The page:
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SXSW 2015 Recap: Russ Borris

FUV's Russ Borris reflects on his SXSW experience.

Another SXSW is in the books and I have to say, it was the best one in a few years. This past week in Austin wasn't met with the same barrage of corporate sponsorships and big name pop acts that seemed to overtake the last couple of conferences. It was a return to what many love most about SXSW and that's seeing lots and lots of great live music.

Our sessions at Hotel San José were some of our strongest and most compelling to date. Different settings made for some unique, one-of-a-kind performances, led by an incredible a capella version of "River" performed by Ibeyi (FUV's new media director Laura Fedele's SXSW pick) under the covers in a hotel bedroom.

The Public Radio Rocks Day Stage showcase was a rocking success. Twin Shadow chose a stripped-down setup with George Lewis, Jr. on acoustic guitar, just joined by his keyboard player. His choice gave a completely different feel to the new songs, taking them down to their core and letting the lyrics take center stage.

I didn't know what to expect with Gang of Four since Andy Gill is the only original member left, but the crowd was into it and, as expected, loved hearing favorites like "Damaged Goods" and "To Hell With Poverty."

Ryan Bingham is a solid songwriter and he played many songs from his new record, Fear and Saturday Night. When setting up the single, "Radio," he remarked that it was more about the "radio" in your head than actual radio which was interesting to hear from an artist's perspective. His following in Austin is strong so the set was very well received.

Best Coast gave us the biggest Public Radio Rocks crowd so far. I think that as much as fans were anxious to hear some of their new songs, favorites like "Boyfriend" and "The Only Place" went over big. "California Nights" is a big sounding song and Bethany Cosentino, sporting a cut-off Budweiser t-shirt, was in great voice.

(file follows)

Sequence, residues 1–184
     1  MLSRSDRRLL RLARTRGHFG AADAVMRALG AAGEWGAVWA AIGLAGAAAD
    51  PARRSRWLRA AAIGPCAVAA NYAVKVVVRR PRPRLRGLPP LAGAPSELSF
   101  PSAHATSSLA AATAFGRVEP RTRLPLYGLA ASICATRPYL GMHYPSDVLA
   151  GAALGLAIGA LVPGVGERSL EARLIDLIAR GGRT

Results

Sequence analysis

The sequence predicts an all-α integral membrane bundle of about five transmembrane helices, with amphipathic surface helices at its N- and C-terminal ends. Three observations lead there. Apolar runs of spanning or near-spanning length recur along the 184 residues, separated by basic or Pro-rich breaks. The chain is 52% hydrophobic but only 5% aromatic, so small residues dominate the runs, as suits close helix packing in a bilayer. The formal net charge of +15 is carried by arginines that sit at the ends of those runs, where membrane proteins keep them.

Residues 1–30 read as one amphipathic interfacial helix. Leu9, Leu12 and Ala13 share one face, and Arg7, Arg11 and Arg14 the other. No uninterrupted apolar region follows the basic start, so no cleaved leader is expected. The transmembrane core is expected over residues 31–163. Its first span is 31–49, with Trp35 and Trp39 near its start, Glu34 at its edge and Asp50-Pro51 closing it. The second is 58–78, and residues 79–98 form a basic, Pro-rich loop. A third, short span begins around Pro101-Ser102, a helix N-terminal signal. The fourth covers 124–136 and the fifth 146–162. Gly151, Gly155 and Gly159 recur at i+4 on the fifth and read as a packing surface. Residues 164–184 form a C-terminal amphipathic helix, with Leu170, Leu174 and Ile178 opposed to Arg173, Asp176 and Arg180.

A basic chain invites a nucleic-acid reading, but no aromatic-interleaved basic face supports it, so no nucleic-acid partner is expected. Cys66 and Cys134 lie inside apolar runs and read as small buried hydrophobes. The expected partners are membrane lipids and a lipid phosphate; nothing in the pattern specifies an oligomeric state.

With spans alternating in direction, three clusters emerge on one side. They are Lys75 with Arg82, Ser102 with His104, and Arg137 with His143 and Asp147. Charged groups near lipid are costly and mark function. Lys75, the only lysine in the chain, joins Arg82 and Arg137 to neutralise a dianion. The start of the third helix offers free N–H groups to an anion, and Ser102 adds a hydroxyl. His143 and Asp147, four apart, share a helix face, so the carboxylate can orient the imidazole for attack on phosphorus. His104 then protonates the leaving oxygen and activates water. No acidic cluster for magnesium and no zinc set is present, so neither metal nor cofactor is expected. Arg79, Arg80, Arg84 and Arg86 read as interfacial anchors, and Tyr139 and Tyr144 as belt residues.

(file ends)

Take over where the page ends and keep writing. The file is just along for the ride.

Madisen Ward and the Mama Bear were a new discovery for many in the crowd. Madisen and Ruth Ward played several songs from their upcoming debut, Skeleton Crew. It was clear that most of the audience hadn't seen them before, but were won over by their charm and authenticity. They also earned the first standing ovation of the day.

It was pretty clear that Courtney Barnett and her band were the most anticipated act of the Day Stage. We had a huge crowd and the band absolutely had them from the start. This was Courtney and her bandmates' eighth show of SXSW, but you wouldn't know it from the energy they put forth. Courtney just keeps getting better and better as a live performer, completely owning this crowd. A perfect ending to the showcase.

I caught a few things late on Friday night, like Tuxedo (one of Rita Houston's SXSW picks) which is the new collaboration with Mayer Hawthorne and Jake One. So retro, so old school in their presentation and just so good. The crowd ate it all up and freaked when Hawthorne busted out a couple lines from Bell Biv Devoe's "Poison." As that song wisely advised, you should never trust a big butt and a smile.

From Boston to Brooklyn, there is some serious shred in Slothrust (our student engineer Caroline Inzucchi's SXSW pick). Lots of great female-fronted bands were somewhat of a running theme at this SXSW, with women who were intense and awesome.

I stumbled upon the Juliana Hatfield Three set after running into Matthew Caws of Nada Surf. It's incredible how little (if, at all) her voice has aged over the years. "My Sister" sounded just great as did the new songs. The buzz on Tobias Jesso Jr. at SXSW has been significant so I made sure to get to his set early. He was seated at a piano, in the perfect setting of the Central Presbyterian Church, playing to a packed room. It's impossible to ignore the Harry Nilsson comparisons that have followed Jesso so far, but there's much more to him. His live set was witty, charming, and self-deprecating at times. Thoroughly enjoyable.

On Saturday, I caught a bit of Kate Tempest's set (one of Kara Manning's SXSW picks). Jaw-dropping might be the best description I can give. An absolute monster of a live performer, Tempest owned the mic and the crowd. Her speed and proficiency of flow is top notch. At one point she delivered an empowered speech about the importance of being yourself that was both moving and motivating. One of the real standouts of SXSW.

I also managed to catch another great set from Only Real (one of my SXSW picks), the return of The Pop Group, the Austin band Otis the Destroyer, Diarrhea Planet, Big Data, some random heavy metal in the rain, a dance outfit called Wrestlers,  and...oh, sorry. I just dozed off from exhaustion there.

Good to be back home. Thanks again, Austin. You didn't disappoint.